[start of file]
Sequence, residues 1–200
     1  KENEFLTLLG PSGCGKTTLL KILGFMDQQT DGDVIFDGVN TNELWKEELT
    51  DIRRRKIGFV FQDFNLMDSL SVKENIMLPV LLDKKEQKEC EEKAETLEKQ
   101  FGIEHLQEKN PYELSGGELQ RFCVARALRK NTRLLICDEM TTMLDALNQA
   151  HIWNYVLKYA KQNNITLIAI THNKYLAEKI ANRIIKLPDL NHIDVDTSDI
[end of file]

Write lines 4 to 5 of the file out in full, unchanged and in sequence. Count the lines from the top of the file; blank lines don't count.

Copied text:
   101  FGIEHLQEKN PYELSGGELQ RFCVARALRK NTRLLICDEM TTMLDALNQA
   151  HIWNYVLKYA KQNNITLIAI THNKYLAEKI ANRIIKLPDL NHIDVDTSDI